We also offer other process improvement courses, designed to provide your employees with the skills required for continuous improvement initiatives, including various Lean management and Six Sigma courses. Find out more about our Process Improvement courses.
After World War II, new theories about quality began to be developed and implemented. Many of these ideas were brought to Japan and embraced by the country as it rebuilt in the years after the war. These ideas would ultimately change manufacturing.
“Continuous improvement” was one of these ideas. The Japanese distilled the essence of this idea to a single word: “kaizen.” Kaizen means "improvement". The Kaizen strategy calls for neverending efforts for improvement involving everyone in an organisation.
It is a quality philosophy that includes improvement of the product, the processes that produce them, and the way that teams carry out those processes.
“Managers and organizations must have a consistency of purpose and a deep and abiding dedication to constant, ongoing improvement in order to satisfy customers, beat the competition, and retain jobs” W. Edwards Deming, Quality guru.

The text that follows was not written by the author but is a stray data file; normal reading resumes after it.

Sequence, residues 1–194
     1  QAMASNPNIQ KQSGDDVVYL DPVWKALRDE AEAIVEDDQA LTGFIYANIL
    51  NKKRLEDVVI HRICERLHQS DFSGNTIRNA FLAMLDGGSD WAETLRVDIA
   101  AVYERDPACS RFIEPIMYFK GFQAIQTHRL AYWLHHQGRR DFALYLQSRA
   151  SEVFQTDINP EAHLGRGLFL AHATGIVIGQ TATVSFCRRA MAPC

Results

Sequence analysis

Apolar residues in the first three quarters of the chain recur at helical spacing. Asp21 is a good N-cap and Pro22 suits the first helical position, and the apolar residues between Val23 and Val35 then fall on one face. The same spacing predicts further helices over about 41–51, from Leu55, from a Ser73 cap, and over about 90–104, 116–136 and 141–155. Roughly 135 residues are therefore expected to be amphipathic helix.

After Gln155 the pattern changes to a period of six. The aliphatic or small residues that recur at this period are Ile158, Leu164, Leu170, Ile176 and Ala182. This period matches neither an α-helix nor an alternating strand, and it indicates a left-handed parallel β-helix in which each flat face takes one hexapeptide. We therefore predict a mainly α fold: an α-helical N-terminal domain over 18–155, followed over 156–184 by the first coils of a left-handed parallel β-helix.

In the Kaizen philosophy, a product or a process will likely never be “good enough.” As the name implies, the goal is to never stop improving.
In the context of Lean management, continuous improvement seeks to improve every process in your company by focusing on enhancing the activities that generate the most value for your customer while removing as many waste activities as possible.
Creating a culture of continuous improvement will not only help make your products better, it will make your teams and your business better as a whole. Organisations dedicated to continuous improvement recognise the importance of related actions for strengthening the quality of a product, improving customer satisfaction, and for improving efficiency, productivity and profits.
In process-intensive industries, a continuous improvement programme allows individuals and groups to identify inefficiencies or 'bottlenecks'. This affords people the opportunity to streamline processes - minimising time, effort, and waste.
In hardware product-centric applications, a program of continuous improvement based on customer feedback allows the manufacturer to improve the quality of the product, enhance product capabilities in subsequent products and identify opportunities to streamline manufacturing processes, thus reducing costs.
In service-focused industries, continuous improvement is implemented to improve efficiency and strengthen the quality of service delivery. These companies must regularly measure customer satisfaction and observe activities in order to identify opportunities to improve results.
“We're focused on providing innovations in software, driving the continuous improvement for a much better experience”. Bill Gates, Microsoft